Every five hours, another Irish child becomes homeless, according to the charity Focus Ireland, which this week highlighted the extent of the problem.
Citing government figures, Focus Ireland said that in January there
were 7,167 people registered as homeless, 2,407 of whom were children.
The overall number of homeless people is 25 per cent greater than it
was a year ago in January 2016, when the total number of homeless people
was reckoned to be 5,715.
More worryingly, the rate of increase in
homelessness is accelerating even faster – the number of homeless
children is 32 per cent greater than it was 12 months ago, when 1,830
people aged under 18 were without a permanent home.
Looking back at statistics from the last three years, the number of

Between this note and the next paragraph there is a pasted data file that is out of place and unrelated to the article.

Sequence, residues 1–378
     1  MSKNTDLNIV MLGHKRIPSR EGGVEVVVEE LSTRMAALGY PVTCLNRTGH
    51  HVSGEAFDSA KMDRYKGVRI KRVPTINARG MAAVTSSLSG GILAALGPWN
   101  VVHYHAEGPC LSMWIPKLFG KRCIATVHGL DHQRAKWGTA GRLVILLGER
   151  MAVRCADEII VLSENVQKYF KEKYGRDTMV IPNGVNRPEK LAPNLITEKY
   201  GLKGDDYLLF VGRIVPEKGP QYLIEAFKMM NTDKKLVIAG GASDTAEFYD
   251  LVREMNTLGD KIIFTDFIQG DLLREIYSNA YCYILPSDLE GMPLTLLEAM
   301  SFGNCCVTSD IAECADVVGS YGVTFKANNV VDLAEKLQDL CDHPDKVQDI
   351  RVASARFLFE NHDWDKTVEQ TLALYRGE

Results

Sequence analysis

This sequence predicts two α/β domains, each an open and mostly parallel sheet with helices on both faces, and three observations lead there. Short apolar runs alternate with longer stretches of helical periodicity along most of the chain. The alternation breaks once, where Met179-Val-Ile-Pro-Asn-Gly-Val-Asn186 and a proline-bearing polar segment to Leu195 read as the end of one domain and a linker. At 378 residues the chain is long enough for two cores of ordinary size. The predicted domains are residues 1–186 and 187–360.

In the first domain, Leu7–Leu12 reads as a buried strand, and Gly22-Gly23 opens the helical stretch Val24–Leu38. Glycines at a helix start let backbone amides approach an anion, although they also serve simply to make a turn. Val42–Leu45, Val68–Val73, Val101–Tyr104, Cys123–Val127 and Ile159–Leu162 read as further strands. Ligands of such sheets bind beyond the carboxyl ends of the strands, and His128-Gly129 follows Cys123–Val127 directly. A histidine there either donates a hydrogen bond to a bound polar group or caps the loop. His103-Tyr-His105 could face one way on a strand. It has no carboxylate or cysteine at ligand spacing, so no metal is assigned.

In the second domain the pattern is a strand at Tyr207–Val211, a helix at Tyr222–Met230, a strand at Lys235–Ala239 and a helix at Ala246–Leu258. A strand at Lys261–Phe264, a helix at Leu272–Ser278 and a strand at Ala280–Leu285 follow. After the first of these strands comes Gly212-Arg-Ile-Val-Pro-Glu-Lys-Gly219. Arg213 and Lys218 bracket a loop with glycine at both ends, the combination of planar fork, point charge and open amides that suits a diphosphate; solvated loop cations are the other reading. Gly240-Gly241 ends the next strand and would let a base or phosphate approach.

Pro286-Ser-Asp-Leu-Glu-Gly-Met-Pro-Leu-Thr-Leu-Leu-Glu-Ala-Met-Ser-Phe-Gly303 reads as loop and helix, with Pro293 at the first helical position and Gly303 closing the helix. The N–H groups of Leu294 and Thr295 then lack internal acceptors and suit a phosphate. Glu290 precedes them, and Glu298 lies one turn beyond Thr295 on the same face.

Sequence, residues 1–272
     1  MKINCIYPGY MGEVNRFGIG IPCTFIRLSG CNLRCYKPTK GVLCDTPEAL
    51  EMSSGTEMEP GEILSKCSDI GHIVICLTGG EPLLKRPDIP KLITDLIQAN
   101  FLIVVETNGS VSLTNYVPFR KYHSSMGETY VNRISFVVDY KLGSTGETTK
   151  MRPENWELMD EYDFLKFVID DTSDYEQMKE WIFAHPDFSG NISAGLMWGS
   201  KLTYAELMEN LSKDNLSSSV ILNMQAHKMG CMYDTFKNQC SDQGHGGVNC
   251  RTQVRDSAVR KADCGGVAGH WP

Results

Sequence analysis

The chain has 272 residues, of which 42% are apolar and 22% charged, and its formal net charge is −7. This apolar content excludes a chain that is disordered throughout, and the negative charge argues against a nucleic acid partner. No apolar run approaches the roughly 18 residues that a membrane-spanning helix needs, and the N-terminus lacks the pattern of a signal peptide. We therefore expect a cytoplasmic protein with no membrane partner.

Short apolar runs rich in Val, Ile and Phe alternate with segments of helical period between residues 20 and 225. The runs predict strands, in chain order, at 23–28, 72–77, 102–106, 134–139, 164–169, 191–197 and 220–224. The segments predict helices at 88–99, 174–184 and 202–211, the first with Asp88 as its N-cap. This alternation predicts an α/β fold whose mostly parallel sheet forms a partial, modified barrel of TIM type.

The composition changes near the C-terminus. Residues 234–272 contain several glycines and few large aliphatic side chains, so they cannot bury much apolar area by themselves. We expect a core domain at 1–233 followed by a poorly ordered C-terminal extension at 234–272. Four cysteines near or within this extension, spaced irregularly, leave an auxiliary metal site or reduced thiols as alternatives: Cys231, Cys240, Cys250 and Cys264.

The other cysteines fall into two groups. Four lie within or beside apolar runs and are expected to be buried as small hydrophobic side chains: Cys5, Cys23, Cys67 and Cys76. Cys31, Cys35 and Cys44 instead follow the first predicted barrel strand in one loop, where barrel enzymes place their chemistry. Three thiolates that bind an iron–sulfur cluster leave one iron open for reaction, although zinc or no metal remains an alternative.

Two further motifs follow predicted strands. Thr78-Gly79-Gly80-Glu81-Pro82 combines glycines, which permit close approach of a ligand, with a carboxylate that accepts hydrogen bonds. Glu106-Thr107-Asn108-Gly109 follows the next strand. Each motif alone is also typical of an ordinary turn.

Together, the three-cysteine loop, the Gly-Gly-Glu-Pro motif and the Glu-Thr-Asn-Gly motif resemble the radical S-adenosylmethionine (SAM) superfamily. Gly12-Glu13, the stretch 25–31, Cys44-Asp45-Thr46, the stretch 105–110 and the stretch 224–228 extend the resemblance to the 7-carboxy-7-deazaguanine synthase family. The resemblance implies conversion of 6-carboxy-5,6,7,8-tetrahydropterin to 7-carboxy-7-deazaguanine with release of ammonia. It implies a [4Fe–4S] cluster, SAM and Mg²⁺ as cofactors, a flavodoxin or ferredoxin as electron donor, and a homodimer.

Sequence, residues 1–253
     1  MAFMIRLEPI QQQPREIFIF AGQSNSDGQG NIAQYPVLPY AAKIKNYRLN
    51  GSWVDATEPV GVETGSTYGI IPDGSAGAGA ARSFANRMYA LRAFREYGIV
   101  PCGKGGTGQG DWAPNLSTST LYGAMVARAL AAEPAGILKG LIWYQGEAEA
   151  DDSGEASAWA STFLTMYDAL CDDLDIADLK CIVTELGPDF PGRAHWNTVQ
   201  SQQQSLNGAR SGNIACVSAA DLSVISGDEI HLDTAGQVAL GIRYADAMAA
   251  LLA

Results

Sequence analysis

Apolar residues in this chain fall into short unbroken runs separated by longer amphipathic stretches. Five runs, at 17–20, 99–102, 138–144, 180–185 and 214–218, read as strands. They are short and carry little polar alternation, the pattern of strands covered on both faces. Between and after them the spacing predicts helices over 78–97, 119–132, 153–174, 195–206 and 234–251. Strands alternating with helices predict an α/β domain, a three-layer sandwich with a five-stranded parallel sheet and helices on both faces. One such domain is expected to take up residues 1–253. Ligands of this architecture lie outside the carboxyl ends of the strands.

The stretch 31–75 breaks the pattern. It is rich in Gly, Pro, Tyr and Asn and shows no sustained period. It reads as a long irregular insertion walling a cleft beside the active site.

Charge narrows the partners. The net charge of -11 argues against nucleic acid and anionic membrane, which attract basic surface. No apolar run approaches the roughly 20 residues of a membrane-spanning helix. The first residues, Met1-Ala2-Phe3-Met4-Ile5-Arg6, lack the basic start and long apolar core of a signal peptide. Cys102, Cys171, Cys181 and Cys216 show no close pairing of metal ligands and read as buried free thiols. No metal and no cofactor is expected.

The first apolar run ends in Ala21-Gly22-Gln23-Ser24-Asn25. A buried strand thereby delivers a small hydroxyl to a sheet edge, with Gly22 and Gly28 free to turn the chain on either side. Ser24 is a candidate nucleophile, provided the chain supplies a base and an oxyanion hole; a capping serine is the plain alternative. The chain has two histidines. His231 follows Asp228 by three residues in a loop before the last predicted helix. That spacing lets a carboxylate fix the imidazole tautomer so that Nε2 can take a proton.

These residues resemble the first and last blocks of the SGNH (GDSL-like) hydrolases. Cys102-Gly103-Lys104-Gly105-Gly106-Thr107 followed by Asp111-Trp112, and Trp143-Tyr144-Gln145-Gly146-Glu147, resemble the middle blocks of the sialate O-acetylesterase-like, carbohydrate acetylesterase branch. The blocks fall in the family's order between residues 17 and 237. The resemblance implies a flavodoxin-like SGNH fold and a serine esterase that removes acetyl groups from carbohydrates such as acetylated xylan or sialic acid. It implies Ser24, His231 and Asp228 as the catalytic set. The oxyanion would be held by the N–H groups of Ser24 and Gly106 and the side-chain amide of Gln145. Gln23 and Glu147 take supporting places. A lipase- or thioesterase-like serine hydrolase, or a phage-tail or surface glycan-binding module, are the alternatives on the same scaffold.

homeless people in this country has doubled since July 2014, when 3,258
people were registered as being without a home.
Last month, 87 families with 151 children became homeless. Focus
Ireland’s advocacy director Mike Allen said: “This means that,
shockingly, a child became homeless every five hours during the month of
“In recent years we have seen a pattern of a fall in the number of
families becoming homeless in December followed by a sudden increase in
January. This year there is a different pattern with no real fall in
December, and a small fall in January.”
Focus Ireland, founded by Sr Stanislaus Kennedy (Sr Stan) of the
Religious Sisters of Charity, is calling on the government to devote
greater energy to tackling the homelessness crisis.
In particular, it wants the Minister for Housing Simon Coveney to set
out “a clear set of actions and objectives” for the next three years
that will prevent family homelessness and provide support to those
already suffering homelessness.
At present, there are only 1,829 units of social housing under
construction, according to figures quoted in the Dáil on Friday.
the 1950s, when Ireland was not as rich a country as it is now, we were
able to build social housing at a rate of 5,250 units a year.
1970s, again a period not known for great prosperity, we built social
houses at a rate of more than 6,153 a year.